Martin Luther King, Jr. often used scripture in his speeches–more appropriately called sermons I suppose. After all, he was a minister of the gospel. It’s worth taking a brief look at a couple of these speeches/sermons on the day his birth is celebrated.
On one occasion, King imagined a letter Paul had written to American Christians (“Paul’s Letter to American Christians”). He began the letter with Paul’s familiar greeting: “I, an apostle of Jesus Christ by the will of God, to you who are in America, Grace be unto you, and peace from God our Father, through our Lord and Savior, Jesus Christ.” In this fictional letter, Paul then offers praise and criticism, in particular critiquing racial inequality, as well as America’s penchant for greed and materialism. Unfortunately, it’s still a letter that could be written today.
In the late 1950s, King preached a sermon entitled “Loving Your Enemies.” This sermon’s foundation was a well-known passage from Jesus’s Sermon on the Mount, Matthew 5:43-48:
“You have heard that it was said, ‘Love your neighbor and hate your enemy.’ But I tell you, love your enemies and pray for those who persecute you, that you may be children of your Father in heaven. He causes his sun to rise on the evil and the good, and sends rain on the righteous and the unrighteous. If you love those who love you, what reward will you get? Are not even the tax collectors doing that? And if you greet only your own people, what are you doing more than others? Do not even pagans do that? Be perfect, therefore, as your heavenly Father is perfect.”
King then gave us his thinking on the meaning of loving your enemy: “It’s significant that he does not say, ‘Like your enemy.’ Like is a sentimental something, an affectionate something. There are a lot of people that I find it difficult to like. I don’t like what they do to me. I don’t like what they say about me and other people. I don’t like their attitudes. I don’t like some of the things they’re doing. I don’t like them. But Jesus says love them. And love is greater than like. Love is understanding, redemptive goodwill for all men, so that you love everybody, because God loves them. You refuse to do anything that will defeat an individual because you have agape in your soul. And here you come to the point that you love the individual who does the evil deed, while hating the evil deed the person does. This is what Jesus means when he says ‘Love your enemy.’ When the opportunity presents itself when you can defeat your enemy, you must not do it.”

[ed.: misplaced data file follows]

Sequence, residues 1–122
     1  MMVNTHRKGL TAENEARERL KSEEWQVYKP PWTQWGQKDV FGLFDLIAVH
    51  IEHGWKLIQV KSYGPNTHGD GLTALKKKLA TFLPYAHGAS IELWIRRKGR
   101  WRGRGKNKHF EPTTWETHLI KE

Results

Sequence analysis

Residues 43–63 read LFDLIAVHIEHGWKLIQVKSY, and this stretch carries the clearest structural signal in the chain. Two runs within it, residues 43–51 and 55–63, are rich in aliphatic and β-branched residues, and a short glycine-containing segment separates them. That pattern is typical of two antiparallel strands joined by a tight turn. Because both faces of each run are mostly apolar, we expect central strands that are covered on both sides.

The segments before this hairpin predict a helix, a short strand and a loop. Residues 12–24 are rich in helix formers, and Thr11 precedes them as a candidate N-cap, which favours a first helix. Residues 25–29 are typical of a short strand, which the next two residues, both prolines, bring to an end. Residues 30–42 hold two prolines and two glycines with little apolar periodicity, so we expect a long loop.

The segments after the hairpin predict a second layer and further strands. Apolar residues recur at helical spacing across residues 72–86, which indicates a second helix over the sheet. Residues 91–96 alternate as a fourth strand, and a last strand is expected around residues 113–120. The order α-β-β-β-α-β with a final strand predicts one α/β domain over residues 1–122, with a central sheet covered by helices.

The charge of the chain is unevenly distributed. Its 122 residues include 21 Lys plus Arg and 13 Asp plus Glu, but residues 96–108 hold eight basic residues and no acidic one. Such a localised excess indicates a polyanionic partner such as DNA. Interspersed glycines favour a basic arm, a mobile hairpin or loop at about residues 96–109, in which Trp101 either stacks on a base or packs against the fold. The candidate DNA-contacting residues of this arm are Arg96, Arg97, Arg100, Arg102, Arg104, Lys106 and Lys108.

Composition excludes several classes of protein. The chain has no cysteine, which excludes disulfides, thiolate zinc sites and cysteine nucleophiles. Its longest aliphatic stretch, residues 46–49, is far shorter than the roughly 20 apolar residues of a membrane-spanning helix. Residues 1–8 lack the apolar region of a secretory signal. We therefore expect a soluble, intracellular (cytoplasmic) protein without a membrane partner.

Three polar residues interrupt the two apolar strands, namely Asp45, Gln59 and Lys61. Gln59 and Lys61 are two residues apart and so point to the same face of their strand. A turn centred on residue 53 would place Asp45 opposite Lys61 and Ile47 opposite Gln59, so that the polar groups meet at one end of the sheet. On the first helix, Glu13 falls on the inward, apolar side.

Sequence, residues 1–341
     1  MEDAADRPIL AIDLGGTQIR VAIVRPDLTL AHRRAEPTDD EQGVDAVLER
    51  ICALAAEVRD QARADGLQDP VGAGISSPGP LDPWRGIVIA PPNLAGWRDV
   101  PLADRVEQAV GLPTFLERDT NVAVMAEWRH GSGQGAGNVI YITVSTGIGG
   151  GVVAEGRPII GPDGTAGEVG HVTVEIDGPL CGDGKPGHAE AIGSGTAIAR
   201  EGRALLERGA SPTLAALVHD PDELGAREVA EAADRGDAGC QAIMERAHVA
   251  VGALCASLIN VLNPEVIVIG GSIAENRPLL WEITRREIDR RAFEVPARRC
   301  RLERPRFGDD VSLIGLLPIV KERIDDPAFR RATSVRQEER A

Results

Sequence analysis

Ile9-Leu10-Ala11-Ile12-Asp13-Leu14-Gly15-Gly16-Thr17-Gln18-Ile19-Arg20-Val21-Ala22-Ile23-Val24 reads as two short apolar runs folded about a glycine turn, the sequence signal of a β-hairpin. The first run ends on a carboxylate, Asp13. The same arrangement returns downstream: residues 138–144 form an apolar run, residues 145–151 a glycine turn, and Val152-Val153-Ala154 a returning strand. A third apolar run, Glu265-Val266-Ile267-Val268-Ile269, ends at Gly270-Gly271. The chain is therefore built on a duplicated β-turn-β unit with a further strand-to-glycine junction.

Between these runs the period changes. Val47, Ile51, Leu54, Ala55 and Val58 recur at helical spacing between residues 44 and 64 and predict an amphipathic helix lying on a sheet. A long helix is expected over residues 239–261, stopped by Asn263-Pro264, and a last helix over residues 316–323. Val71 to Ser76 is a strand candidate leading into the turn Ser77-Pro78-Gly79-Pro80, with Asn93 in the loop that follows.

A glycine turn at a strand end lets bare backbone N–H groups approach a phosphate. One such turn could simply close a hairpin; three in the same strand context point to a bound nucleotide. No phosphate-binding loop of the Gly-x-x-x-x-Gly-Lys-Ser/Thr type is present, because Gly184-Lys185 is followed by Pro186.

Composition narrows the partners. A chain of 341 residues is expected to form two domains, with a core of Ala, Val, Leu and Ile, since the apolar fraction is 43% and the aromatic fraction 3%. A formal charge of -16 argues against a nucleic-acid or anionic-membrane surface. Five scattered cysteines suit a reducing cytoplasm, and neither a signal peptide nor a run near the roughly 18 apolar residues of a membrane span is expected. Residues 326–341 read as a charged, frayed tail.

King is usually remembered as the foremost civil rights leader of the 20th century. His letters and sermons about civil rights, however, were almost always based on scripture. Thus, he should also be remembered as one of the greatest teachers and preachers of the 20th century. In my opinion, he’s the best orator in my lifetime. Take the time to read King’s speeches, letters, and sermons. You’ll find plenty of scripture that would fit well with a scripture blog.